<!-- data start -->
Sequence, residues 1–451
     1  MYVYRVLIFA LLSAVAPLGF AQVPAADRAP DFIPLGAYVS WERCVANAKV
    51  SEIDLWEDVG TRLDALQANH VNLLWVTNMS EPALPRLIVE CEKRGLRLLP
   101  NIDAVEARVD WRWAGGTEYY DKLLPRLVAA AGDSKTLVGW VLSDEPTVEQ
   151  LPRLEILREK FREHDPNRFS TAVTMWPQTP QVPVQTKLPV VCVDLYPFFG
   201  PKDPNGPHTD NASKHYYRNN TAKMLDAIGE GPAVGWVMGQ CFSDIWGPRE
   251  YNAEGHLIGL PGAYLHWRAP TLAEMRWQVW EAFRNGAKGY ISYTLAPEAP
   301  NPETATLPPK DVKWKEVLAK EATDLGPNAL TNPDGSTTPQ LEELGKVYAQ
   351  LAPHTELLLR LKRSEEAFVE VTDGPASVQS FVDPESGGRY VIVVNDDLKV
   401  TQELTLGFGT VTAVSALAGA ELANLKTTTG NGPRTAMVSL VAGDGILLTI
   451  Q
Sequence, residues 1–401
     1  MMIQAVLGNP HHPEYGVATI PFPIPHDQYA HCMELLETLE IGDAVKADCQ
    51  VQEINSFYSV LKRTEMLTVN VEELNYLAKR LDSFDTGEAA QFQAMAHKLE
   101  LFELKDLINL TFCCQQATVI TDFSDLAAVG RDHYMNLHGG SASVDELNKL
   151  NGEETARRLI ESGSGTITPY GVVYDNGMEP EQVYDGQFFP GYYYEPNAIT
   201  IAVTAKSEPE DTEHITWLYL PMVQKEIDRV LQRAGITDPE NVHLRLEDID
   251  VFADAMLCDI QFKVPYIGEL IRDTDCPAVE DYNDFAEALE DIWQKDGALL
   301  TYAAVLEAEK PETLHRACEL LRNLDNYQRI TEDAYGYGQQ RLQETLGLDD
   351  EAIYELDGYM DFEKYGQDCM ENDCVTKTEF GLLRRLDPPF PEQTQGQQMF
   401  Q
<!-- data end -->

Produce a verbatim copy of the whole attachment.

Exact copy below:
Sequence, residues 1–451
     1  MYVYRVLIFA LLSAVAPLGF AQVPAADRAP DFIPLGAYVS WERCVANAKV
    51  SEIDLWEDVG TRLDALQANH VNLLWVTNMS EPALPRLIVE CEKRGLRLLP
   101  NIDAVEARVD WRWAGGTEYY DKLLPRLVAA AGDSKTLVGW VLSDEPTVEQ
   151  LPRLEILREK FREHDPNRFS TAVTMWPQTP QVPVQTKLPV VCVDLYPFFG
   201  PKDPNGPHTD NASKHYYRNN TAKMLDAIGE GPAVGWVMGQ CFSDIWGPRE
   251  YNAEGHLIGL PGAYLHWRAP TLAEMRWQVW EAFRNGAKGY ISYTLAPEAP
   301  NPETATLPPK DVKWKEVLAK EATDLGPNAL TNPDGSTTPQ LEELGKVYAQ
   351  LAPHTELLLR LKRSEEAFVE VTDGPASVQS FVDPESGGRY VIVVNDDLKV
   401  TQELTLGFGT VTAVSALAGA ELANLKTTTG NGPRTAMVSL VAGDGILLTI
   451  Q
Sequence, residues 1–401
     1  MMIQAVLGNP HHPEYGVATI PFPIPHDQYA HCMELLETLE IGDAVKADCQ
    51  VQEINSFYSV LKRTEMLTVN VEELNYLAKR LDSFDTGEAA QFQAMAHKLE
   101  LFELKDLINL TFCCQQATVI TDFSDLAAVG RDHYMNLHGG SASVDELNKL
   151  NGEETARRLI ESGSGTITPY GVVYDNGMEP EQVYDGQFFP GYYYEPNAIT
   201  IAVTAKSEPE DTEHITWLYL PMVQKEIDRV LQRAGITDPE NVHLRLEDID
   251  VFADAMLCDI QFKVPYIGEL IRDTDCPAVE DYNDFAEALE DIWQKDGALL
   301  TYAAVLEAEK PETLHRACEL LRNLDNYQRI TEDAYGYGQQ RLQETLGLDD
   351  EAIYELDGYM DFEKYGQDCM ENDCVTKTEF GLLRRLDPPF PEQTQGQQMF
   401  Q